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Governments of mining countries are vulnerable to investors manipulating transfer prices as a means of avoiding paying taxes. The two main risks are mining companies undercharging for mineral exports sold to related parties, and overpaying for goods and services. The “solution” has been to apply the “arm’s length principle,” which gives governments the right to adjust the value of a related party transaction so that it accords with similar transactions carried out between independent parties. However, it has been apparent for many years that the arm’s length principle, with its reliance on “comparables” that in practice can rarely be found, is an inadequate response.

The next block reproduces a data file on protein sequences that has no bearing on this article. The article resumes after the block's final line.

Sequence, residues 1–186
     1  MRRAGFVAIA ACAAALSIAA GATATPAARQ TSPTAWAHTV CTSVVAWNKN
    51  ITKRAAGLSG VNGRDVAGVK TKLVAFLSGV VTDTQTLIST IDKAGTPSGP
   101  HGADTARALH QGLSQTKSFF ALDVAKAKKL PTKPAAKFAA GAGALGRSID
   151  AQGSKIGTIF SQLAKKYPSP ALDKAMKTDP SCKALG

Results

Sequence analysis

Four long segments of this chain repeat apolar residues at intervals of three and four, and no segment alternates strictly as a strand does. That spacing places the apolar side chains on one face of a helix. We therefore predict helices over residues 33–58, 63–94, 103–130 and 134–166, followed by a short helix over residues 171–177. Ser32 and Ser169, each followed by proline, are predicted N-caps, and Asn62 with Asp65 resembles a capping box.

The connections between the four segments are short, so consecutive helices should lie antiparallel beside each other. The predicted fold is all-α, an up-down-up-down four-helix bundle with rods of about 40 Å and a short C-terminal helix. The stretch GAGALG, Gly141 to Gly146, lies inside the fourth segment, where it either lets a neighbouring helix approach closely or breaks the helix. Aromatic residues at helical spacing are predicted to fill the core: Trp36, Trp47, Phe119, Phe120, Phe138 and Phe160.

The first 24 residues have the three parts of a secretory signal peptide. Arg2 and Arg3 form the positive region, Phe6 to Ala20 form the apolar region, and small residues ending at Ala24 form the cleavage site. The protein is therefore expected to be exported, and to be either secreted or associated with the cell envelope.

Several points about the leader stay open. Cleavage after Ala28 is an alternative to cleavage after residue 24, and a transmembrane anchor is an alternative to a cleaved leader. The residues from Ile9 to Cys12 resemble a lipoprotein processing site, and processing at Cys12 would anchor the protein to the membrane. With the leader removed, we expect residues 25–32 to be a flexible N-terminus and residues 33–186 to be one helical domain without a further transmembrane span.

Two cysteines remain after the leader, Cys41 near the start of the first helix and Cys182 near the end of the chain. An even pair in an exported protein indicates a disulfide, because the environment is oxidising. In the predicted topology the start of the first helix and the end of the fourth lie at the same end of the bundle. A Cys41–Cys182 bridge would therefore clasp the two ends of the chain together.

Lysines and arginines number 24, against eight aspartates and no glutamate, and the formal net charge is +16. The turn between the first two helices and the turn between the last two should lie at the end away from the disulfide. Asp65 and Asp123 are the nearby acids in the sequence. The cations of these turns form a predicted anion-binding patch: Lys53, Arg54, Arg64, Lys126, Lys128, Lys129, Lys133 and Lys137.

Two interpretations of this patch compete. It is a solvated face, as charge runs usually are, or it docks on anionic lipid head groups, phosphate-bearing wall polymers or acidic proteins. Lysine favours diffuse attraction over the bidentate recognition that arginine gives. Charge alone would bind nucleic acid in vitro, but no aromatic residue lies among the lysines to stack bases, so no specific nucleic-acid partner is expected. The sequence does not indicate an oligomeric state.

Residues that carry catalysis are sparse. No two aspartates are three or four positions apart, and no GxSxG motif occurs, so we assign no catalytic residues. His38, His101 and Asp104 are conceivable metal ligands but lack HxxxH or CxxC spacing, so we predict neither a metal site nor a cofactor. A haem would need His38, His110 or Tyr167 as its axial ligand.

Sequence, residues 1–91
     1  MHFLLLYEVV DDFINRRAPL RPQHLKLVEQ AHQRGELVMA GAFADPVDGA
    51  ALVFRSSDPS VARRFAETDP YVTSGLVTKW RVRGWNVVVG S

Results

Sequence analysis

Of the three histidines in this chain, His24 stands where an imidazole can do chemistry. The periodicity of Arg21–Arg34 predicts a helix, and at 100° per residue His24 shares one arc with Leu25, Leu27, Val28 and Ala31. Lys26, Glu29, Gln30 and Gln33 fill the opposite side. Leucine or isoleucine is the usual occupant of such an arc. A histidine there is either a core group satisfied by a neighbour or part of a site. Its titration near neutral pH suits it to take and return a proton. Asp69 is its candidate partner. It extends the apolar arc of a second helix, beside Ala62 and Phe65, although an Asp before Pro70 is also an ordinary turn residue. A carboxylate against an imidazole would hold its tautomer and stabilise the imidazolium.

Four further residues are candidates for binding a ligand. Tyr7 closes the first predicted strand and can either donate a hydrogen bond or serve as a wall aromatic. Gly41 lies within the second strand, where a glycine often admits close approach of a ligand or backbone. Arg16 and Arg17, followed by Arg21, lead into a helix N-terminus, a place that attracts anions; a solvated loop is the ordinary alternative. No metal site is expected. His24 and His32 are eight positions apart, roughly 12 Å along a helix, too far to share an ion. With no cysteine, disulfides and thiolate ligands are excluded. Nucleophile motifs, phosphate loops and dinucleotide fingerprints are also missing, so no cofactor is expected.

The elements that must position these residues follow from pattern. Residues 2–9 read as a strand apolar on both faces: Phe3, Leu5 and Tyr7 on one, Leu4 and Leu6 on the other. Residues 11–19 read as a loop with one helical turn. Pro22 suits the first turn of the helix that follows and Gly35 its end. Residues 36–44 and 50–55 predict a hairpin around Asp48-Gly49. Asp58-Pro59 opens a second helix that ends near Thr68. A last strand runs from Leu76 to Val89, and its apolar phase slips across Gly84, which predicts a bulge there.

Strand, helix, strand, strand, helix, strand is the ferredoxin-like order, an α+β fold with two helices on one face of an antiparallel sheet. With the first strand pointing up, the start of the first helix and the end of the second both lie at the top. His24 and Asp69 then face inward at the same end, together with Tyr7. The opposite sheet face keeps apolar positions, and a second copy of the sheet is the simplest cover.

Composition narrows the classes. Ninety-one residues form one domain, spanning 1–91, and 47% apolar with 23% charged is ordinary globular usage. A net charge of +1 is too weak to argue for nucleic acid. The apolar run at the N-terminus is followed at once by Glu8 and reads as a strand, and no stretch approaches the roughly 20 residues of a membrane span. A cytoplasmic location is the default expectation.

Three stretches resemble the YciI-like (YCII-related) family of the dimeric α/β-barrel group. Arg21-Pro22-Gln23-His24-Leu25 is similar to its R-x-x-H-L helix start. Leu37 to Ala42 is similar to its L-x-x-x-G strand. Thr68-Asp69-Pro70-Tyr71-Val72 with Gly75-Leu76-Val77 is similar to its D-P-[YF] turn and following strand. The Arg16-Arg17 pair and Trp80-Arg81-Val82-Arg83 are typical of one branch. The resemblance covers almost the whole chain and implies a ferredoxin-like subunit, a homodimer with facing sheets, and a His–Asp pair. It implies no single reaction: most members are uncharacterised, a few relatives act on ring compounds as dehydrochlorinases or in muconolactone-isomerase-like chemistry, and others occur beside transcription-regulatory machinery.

This paper looks at whether special practices in the oil sector that provide materially greater protection against transfer pricing risk could be applied to hard rock minerals. These are (1) administrative pricing, where government, rather than the taxpayer sets the price for crude oil; and (2) the no-profit rule, which prevents joint venture partners from charging a profit mark-up on the cost of providing goods and services to the group. The paper finds that administrative pricing may be effective at curtailing undercharging of specific mineral products, for example, base and precious metals. The no-profit rule is a less obvious “fit” for mining given the lack of joint ventures, and alternative rules to limit cost overstatement may be required instead.